Phase one of broadband project nears completion
ROCK FALLS – The first phase of the city’s broadband buildout, covering the business corridor, should be completed by the end of the month.
The initial infrastructure for Rock Falls Fibernet is being put in place to cover businesses in the areas of First Avenue, U.S. 30 and Interstate 88, which is being heavily marketed to developers. The industrial parks are included in the first phase.
About nine businesses already are using the city’s broadband services, which includes 1-gigabit Internet that reaches speeds of up to 1,000 megabits per second. Last year, Rock Falls became only the 111th city nationwide to achieve gigabit status.
With the backbone nearly in place, the marketing efforts will heat up for residential customers. The residential service areas are divided into fiberhoods that each contain about 200 homes. To mitigate financial risk, buildouts will not be done in a fiberhood until 45 percent of its prospective customers sign up for the 1-gigabit broadband service.
Some households won’t have to wait for service if they are fortunate enough to be located close enough to the business infrastructure.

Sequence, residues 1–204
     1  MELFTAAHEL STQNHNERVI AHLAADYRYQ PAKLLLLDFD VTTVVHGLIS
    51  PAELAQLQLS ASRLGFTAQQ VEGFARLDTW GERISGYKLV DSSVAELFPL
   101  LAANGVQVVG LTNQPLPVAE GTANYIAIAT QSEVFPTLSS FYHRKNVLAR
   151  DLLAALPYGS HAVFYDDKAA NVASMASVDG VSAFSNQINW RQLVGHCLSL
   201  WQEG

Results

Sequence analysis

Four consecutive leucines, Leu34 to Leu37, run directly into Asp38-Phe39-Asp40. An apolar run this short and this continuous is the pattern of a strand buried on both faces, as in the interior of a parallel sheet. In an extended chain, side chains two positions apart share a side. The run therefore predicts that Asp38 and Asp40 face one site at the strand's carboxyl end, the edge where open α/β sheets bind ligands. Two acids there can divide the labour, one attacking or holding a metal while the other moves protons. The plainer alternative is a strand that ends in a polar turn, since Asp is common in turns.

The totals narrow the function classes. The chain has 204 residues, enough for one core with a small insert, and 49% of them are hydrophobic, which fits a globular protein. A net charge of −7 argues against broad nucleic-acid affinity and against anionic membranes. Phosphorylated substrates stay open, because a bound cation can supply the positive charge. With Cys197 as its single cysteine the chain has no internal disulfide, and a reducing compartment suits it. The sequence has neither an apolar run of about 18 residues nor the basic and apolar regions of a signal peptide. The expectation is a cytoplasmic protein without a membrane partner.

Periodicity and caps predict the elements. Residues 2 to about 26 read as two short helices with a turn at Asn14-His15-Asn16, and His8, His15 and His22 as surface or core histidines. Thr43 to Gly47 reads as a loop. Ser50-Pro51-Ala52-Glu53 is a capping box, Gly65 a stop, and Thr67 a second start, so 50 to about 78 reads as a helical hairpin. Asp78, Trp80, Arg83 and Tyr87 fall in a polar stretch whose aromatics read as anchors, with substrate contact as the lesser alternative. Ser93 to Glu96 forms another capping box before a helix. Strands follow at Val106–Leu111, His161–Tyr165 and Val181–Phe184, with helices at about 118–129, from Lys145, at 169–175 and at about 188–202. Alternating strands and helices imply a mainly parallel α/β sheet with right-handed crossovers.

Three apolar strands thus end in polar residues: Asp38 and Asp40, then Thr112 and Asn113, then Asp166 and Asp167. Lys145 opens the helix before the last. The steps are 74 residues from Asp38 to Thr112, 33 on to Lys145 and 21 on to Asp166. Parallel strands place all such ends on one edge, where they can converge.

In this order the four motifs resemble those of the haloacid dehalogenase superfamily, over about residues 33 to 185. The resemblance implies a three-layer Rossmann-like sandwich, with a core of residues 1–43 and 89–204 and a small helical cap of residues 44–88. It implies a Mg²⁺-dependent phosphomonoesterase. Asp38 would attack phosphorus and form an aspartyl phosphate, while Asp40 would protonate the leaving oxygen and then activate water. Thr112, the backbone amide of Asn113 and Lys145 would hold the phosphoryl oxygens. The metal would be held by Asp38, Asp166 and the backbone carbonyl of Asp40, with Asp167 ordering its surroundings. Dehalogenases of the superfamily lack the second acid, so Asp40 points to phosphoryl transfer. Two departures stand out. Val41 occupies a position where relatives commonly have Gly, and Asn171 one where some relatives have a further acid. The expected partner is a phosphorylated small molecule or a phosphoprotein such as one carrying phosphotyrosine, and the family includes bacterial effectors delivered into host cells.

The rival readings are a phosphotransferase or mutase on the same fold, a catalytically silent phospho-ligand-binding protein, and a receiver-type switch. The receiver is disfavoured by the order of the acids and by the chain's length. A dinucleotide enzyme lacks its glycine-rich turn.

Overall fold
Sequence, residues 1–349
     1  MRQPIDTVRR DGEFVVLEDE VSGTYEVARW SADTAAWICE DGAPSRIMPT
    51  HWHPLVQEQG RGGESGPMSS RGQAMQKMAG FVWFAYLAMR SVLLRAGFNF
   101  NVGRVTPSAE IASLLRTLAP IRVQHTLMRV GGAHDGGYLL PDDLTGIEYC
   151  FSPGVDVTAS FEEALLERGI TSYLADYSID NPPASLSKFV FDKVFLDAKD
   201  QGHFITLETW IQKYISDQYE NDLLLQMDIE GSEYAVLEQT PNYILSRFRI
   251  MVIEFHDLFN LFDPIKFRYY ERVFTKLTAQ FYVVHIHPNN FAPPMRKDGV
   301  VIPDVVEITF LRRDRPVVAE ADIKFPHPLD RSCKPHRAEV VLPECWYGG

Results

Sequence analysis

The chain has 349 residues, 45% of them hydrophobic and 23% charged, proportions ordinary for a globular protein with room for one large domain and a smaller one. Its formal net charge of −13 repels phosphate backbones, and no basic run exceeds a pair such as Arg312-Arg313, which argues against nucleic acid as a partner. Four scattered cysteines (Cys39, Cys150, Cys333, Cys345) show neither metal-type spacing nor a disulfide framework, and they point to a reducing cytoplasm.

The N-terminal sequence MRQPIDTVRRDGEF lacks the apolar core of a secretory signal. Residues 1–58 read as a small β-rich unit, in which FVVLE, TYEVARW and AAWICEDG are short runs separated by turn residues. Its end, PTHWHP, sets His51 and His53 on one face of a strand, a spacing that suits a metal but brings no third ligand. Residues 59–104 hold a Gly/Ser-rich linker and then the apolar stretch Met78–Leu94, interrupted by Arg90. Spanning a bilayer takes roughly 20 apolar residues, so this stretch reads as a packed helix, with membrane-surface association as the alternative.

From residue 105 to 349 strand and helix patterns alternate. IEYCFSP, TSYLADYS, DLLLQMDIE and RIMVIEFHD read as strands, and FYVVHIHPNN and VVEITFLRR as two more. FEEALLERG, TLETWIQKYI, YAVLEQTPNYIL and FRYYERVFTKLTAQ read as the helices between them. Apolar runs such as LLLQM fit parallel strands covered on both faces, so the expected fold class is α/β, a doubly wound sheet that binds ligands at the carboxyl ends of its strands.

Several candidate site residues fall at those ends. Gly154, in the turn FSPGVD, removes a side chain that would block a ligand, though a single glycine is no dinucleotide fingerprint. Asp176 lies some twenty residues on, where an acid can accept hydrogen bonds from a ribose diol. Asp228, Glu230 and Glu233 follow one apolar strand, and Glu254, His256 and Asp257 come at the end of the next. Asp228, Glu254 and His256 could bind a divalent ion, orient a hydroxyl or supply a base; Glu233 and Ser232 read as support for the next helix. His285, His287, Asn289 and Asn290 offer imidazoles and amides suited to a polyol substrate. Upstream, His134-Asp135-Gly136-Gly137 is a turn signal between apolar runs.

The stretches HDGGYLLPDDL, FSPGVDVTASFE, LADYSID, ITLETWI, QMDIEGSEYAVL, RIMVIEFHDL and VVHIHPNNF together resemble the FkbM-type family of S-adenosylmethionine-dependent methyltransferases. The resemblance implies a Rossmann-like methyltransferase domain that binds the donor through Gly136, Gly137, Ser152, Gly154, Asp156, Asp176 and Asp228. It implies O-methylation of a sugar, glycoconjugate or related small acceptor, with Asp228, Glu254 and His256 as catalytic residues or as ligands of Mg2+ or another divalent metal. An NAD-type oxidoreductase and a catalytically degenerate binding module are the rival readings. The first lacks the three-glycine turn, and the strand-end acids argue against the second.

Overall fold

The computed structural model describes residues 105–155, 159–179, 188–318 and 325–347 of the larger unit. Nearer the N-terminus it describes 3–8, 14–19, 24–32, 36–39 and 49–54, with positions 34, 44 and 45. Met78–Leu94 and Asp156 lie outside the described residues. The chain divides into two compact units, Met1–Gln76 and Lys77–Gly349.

“While doing the buildout, we had to go off a block or so in certain areas before getting back to the main roads,” said Wayne Shafer, the city’s broadband supervisor. “So if you’re close to the business areas, give us a call or just sign up, and we’ll be in touch.”
Those areas include a few blocks near the Crystal Lake RV Park at 600 E. 17th St., a stretch near City Hall, and some homes on the west end of Route 30.
A $100 deposit was required with sign-up, but the city has waived that fee. There is a $100 installation fee, which won’t be due until the customer targets are met in a neighborhood.
For businesses outside the backbone area, Shafer suggests they call the department.
“We covered a large percentage of the city’s businesses in phase one, but we’ll analyze the others independently,” he said.
In April 2017, the City Council approved the use of up to $5.3 million in its first bond issuance to fund the first phase of the buildout, and a cap of $13 million for the duration of the project. The bonds also will cover the department’s first 3 years of operating expenses.
The city had set the stage for building a fiber-optic network many years ago. When the electric department put dark (unused) fiber in the ground for its substations and other needs, about twice the amount needed was put in. The broadband project costs less now that the expensive engineering and construction work had already been done by the electric department.
Mayor Bill Wescott featured the project in last year’s State of the City address, saying that the broadband utility was being set up in response to requests from businesses and residents.
“The time is now to advance the Internet in Rock Falls,” Wescott said. “This will be a locally owned service, providing jobs, new business, residential, and economic development opportunities.”
Businesses and residents can get more information and sign up for city broadband services at the rockfallsfiber.net website.